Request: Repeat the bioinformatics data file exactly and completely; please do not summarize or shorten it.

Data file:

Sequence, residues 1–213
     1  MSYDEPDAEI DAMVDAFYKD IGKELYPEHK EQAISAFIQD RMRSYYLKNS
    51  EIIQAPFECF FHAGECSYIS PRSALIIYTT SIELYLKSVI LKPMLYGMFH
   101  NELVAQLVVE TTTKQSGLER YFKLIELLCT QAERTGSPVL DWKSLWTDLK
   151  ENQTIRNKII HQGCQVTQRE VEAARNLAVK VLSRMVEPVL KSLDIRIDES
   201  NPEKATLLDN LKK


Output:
Sequence, residues 1–213
     1  MSYDEPDAEI DAMVDAFYKD IGKELYPEHK EQAISAFIQD RMRSYYLKNS
    51  EIIQAPFECF FHAGECSYIS PRSALIIYTT SIELYLKSVI LKPMLYGMFH
   101  NELVAQLVVE TTTKQSGLER YFKLIELLCT QAERTGSPVL DWKSLWTDLK
   151  ENQTIRNKII HQGCQVTQRE VEAARNLAVK VLSRMVEPVL KSLDIRIDES
   201  NPEKATLLDN LKK